Let’s Talk - This is a fairly basic overview of a profit sharing plan, how it works, and whether it might be a fit for your company. If you have additional questions feel free to reach out and ask me.
In my opinion, the biggest benefit of a profit sharing plan comes from overall employee happiness, pride and retention. When employees are given incentives to make the company more profitable it will give them a sense of pride and a feeling of respect. However, this benefit can only be achieved if the employees understand that the company has set this up as incentive, and appreciation for all their hard work. Having a good retirement plan advisor should help achieve this.
Overview - A profit-sharing plan has its pros and cons, but if the company is at the right stage the pros tend to outweigh the cons. All employer contributions are discretionary which means there is no set amount that the law requires you to contribute. You may make contributions one year (even when there are no profits), and then not make any the next year. Any contributions are made according to a set formula to determine how the contributions are divided.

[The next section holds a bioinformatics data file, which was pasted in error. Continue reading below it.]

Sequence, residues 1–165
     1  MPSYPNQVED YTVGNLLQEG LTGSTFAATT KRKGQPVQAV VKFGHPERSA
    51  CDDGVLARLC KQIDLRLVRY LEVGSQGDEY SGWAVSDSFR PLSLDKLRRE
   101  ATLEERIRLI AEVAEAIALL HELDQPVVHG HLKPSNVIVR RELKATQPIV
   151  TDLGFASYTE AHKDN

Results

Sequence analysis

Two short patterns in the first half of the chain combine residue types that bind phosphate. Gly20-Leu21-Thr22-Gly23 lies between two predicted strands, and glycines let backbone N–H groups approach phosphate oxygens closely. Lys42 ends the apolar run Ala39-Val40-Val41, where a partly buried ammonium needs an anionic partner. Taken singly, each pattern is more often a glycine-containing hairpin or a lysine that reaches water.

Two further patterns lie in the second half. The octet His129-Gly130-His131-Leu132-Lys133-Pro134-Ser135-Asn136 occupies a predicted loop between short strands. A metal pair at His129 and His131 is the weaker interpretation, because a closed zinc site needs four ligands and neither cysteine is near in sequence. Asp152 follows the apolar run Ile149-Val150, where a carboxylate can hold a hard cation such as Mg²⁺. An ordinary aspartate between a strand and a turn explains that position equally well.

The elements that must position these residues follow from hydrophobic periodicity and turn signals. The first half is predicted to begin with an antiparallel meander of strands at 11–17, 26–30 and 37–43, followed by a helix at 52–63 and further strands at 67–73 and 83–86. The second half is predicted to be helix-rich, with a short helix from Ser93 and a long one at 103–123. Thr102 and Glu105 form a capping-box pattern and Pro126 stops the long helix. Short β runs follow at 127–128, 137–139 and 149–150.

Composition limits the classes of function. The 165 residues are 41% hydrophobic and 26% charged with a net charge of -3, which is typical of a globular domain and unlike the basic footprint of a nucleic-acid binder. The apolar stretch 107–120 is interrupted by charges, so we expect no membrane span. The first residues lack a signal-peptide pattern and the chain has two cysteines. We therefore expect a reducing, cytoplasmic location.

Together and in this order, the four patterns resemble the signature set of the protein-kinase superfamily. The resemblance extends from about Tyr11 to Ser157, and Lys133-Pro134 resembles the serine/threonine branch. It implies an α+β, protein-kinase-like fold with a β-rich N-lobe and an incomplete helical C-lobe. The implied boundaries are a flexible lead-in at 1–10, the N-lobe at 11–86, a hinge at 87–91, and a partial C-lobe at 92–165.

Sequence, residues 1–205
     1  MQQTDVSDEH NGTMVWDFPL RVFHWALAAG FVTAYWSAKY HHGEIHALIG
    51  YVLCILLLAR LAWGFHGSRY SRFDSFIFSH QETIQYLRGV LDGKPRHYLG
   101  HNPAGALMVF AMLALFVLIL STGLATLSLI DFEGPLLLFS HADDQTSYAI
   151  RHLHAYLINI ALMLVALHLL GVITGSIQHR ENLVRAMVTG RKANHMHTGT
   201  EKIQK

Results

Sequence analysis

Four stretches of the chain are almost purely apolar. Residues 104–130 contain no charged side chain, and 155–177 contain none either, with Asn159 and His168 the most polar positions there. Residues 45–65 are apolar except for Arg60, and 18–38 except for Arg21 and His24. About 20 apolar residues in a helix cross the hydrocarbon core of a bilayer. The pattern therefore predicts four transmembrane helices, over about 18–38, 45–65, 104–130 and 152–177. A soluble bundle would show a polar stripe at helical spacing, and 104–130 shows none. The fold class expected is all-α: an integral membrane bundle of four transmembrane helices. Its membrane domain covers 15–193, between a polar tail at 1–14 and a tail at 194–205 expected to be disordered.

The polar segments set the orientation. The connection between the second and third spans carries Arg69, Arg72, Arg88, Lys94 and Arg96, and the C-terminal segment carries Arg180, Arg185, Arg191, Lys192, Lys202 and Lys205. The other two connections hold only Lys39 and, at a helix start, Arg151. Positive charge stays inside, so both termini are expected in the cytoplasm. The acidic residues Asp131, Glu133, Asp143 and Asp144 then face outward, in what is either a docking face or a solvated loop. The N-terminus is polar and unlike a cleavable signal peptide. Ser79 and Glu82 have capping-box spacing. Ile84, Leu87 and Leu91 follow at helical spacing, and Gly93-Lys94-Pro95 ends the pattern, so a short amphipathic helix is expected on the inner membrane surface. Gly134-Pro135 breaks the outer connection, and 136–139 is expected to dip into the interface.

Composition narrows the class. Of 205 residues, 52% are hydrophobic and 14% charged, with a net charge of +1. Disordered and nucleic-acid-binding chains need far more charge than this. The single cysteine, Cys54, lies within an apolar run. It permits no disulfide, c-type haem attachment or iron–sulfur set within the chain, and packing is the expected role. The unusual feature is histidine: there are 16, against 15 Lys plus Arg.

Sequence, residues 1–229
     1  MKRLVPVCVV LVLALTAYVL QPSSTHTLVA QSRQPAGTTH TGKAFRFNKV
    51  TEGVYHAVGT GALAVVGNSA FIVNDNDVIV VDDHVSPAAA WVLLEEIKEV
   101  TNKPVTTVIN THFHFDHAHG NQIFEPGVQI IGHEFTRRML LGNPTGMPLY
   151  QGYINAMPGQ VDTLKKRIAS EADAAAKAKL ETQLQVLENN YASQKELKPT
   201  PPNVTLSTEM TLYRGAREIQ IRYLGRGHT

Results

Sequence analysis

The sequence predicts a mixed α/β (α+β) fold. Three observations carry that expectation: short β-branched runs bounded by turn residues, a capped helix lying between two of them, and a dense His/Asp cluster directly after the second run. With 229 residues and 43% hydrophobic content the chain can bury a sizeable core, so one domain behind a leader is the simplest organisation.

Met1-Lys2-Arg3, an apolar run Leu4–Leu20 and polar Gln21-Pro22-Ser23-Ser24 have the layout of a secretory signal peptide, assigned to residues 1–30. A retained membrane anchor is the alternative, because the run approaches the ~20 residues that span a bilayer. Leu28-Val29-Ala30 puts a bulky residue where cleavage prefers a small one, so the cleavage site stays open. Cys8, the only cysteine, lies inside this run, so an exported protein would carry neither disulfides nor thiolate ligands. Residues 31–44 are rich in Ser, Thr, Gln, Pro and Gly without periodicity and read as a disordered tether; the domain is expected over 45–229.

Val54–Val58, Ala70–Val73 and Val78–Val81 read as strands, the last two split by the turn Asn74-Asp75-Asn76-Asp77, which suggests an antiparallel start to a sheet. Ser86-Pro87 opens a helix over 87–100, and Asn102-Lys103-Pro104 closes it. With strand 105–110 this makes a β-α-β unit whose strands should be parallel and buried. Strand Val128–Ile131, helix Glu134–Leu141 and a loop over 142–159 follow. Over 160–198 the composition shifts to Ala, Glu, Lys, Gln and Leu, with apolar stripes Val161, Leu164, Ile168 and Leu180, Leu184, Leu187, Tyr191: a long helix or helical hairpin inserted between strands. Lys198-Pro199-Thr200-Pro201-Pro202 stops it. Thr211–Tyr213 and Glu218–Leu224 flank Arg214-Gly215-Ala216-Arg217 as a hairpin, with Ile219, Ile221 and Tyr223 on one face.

Let’s use the “comp-to-comp” method as an example of how contributions are spread out. First you add up all the employees’ compensation. Next, you divide the employee’s compensation by the total comp to get their percentage of the entire profit sharing contribution, and then multiply that percent by the total contribution to get their share.
- Flexible contributions (strictly discretionary).
- Tax-deductible employer contributions.
- Tax-deferred earnings growth.
- Great way to show appreciation and provide incentive to employees.
- Good plan if cash flow is an issue.
- If you have a small company the administrative costs may be higher than under more basic arrangements (SEP or SIMPLE IRA plans).
- There are tests that need to be passed so the plan doesn’t favor highly compensated employees.
- Employer contributions only (unless part of a 401k plan).
- Contribution limits - The lesser of 25% of compensation or $55,000 (for 2018; $54,000 for 2017, subject to cost-of-living adjustments for later years).
- Participant loans are permitted
- In-service withdrawals - Yes, but subject to possible 10% additional tax if under age 59-1/2 and no other exception applies.
- Files a form 5500
- No company size restrictions.
- Can have other retirement plans in place.